Student Protestors are Protesting to the Wrong People:
Because if the Quakers got one thing right, it’s conflict resolution
By Ty Joplin, Haverford College
I go to Haverford College, a tiny liberal arts school. Originally established as a Quaker school, students are given an astounding level of autonomy—we made our own alcohol policy, have no RAs or faculty bunking with students in dorm buildings, and we administer our own student-written honor code that covers both academic and social life.
If a student violates the social part of the honor code that stresses accepting each other’s identity without prejudice, they are confronted by another student, and the two talk it out. Essentially at Haverford if you see something, say something.
Most of the time, the confrontation looks more like a conversation. The confronting party explains the harm in the other student’s actions and attitudes. If this conversation doesn’t work, students are encouraged to contact the Honor Council, where a neutral student will mediate the conversation through to the end.
Places like Mizzou, Yale, or Ithaca College, where student protestors are demanding stronger responses from their administrations to campus-wide racism, don’t have the same social culture as Haverford.
A Yale fraternity recently hosted ‘white girls only party.’ If that happened at Haverford we would expect the administration to deem that inappropriate. But we wouldn’t be satisfied with that.
We wouldn’t trust the administration, with all of its red tape, slow-moving bureaucracy and considerations of irrelevant things like bad press, to respond in a way that captures our discontent at the event. We would confront those who hosted the party—sit them down and talk with them about it until they understood.
Students around the nation responding to prejudice should, of course, confront unresponsive administrations, but they should spend much more time and energy in directly confronting those prejudiced individuals and groups on campus.
Conduct sit-ins in their frat houses, invite them to mediated discussions—protest their actions to them. It is surprisingly counterintuitive to bear witness to racism on campus and, instead of confronting that racism, then confront the university administration, expecting them to be the main crusader against such prejudices.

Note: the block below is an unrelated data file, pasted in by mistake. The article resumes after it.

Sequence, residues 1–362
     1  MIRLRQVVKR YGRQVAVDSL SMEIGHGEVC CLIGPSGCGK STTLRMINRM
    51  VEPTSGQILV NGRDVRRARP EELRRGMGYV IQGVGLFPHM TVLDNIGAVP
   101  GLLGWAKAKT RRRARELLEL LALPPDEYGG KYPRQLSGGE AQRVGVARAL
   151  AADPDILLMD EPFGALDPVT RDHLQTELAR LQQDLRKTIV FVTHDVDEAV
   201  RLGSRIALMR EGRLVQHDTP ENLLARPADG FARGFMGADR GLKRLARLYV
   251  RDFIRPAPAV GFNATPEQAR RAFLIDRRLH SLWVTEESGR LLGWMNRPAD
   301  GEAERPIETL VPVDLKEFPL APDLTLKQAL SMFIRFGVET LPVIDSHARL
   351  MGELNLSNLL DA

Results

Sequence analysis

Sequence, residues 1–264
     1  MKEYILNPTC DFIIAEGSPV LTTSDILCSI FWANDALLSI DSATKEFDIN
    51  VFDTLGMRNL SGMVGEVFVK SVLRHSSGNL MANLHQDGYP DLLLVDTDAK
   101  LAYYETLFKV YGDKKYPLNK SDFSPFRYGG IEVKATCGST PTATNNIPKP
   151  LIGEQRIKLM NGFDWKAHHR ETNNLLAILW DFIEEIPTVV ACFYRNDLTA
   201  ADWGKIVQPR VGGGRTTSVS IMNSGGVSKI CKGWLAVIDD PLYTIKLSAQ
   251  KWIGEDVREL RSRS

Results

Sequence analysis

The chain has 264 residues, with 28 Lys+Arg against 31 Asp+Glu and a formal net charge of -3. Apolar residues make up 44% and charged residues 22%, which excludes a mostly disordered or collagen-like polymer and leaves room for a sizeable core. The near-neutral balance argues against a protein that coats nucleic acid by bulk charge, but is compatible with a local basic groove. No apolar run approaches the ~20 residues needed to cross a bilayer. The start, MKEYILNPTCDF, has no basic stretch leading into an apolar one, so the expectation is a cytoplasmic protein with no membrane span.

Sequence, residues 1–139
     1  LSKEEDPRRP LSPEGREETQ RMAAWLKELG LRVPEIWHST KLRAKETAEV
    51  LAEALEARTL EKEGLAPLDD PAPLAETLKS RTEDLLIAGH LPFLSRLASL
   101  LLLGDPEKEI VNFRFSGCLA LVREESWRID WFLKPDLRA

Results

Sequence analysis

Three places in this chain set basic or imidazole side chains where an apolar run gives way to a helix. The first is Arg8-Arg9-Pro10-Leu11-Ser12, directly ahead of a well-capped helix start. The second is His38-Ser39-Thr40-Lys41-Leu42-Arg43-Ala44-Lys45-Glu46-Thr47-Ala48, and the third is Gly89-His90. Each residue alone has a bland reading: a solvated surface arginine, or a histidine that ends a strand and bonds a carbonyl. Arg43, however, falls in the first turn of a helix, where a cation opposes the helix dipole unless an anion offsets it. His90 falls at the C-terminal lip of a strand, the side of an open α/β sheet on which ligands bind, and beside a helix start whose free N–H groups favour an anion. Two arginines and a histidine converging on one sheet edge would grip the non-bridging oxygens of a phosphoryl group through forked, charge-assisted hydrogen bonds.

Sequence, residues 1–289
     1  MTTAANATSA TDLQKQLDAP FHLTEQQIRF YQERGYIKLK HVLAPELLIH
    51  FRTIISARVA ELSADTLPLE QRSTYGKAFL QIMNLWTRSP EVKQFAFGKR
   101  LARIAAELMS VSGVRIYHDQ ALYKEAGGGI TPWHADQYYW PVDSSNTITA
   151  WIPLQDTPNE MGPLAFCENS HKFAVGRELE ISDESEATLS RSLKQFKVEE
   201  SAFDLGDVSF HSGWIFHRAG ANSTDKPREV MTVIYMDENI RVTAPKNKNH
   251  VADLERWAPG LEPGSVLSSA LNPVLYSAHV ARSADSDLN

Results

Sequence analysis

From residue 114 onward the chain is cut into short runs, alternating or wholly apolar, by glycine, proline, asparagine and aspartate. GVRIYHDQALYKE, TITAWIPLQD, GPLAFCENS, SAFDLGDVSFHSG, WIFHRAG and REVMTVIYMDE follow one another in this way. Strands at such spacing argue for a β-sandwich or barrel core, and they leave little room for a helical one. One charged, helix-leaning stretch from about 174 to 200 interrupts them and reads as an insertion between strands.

Theoretically, since they have more disciplinary tools at their disposal than student groups, school administrations are the most equipped to handle campus-wide instances of racism. But relegating responsibility to the administration often invites heavy-handed actions that emphasize discipline, which can lead students to hide and repress racism rather than have it rooted out by addressing the core moral issues.
Action from on high censures rather than encourages genuine progress, in addition to infantilizing the power of student protestors and degrading the powerful voice groups can bring to bear in confronting their peers.
It also hands over well-articulated student grievances to a third party that has so far, on many campuses, failed to show much initiative in developing adequate action plans to take care of the problems.
Rather than intensify pressure on the administrations to act or send the right condemnatory email to the right people, students should take back their grievances and direct them to the perpetrators themselves.
This approach doesn’t work easily with big universities where there are many students and voices. In these spaces, it may seem like the only feasibly way to cut through the saturation of opinions is by trusting the over-arching administration to take decisive action.
But if this student-empowered culture doesn’t exist on these campuses, students need to create it. An unresponsive administration is a great opportunity for students to root out social problems on campus by confronting those who act unethically and marginalize others. After all, it is the student protestors who often have the most precise diagnosis of the problem, since they are the ones living with it and suffering through it.
A few years ago at Haverford, some students dressed up as caricatured black women for a Halloween party, the same type of party that has become a national ground zero for prejudice. These students were confronted.
The confrontation went to a mediated discussion, and those students were made aware of their unethical behavior while gaining insight from their peers about how they need to change.
The same social structures to facilitate this discussion may not exist at other universities, so students need to make them.
Developing a way to productively engage with instances of prejudiced behavior is not easy by any accounts, as evinced by university administrations’ struggles and blunders for the past two-hundred or so years. But this doesn’t mean it shouldn’t be done.
If students continue to defer to bloated and sluggish administrative bodies to root out problems of prejudice, they will be effectively handing over their power and will be forced to wait while only being able to put tangential pressure on the problem through protests against administrations. Rather than entrusting the administration to take action, students should empower themselves to do so, with or without administrative support.